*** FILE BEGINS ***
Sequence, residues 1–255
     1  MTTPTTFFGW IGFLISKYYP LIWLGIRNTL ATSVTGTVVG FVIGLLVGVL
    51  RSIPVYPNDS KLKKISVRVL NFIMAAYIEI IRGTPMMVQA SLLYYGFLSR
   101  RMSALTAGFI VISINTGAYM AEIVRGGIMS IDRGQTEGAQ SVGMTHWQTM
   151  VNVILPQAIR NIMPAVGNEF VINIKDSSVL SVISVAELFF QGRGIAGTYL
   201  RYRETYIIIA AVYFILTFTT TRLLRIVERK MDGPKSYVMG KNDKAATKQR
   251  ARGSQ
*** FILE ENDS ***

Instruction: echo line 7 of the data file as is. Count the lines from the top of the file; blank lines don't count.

   251  ARGSQ